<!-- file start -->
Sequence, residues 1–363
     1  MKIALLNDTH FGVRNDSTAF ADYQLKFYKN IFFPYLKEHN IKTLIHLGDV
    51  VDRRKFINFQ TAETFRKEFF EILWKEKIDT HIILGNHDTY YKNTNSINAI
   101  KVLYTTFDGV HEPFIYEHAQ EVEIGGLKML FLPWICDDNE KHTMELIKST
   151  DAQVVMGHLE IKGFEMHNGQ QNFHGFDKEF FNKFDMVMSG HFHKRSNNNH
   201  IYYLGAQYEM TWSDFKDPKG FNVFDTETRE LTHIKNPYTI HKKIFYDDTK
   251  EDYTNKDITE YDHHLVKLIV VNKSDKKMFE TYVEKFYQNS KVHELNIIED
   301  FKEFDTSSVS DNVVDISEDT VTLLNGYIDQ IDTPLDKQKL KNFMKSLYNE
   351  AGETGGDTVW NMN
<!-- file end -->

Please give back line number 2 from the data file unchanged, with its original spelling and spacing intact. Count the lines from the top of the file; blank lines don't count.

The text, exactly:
     1  MKIALLNDTH FGVRNDSTAF ADYQLKFYKN IFFPYLKEHN IKTLIHLGDV